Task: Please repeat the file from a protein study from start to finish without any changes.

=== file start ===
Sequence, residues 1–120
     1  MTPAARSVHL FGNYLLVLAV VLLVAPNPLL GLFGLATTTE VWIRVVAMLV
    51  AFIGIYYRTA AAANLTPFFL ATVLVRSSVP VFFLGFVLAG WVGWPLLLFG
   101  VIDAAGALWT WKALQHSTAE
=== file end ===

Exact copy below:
Sequence, residues 1–120
     1  MTPAARSVHL FGNYLLVLAV VLLVAPNPLL GLFGLATTTE VWIRVVAMLV
    51  AFIGIYYRTA AAANLTPFFL ATVLVRSSVP VFFLGFVLAG WVGWPLLLFG
   101  VIDAAGALWT WKALQHSTAE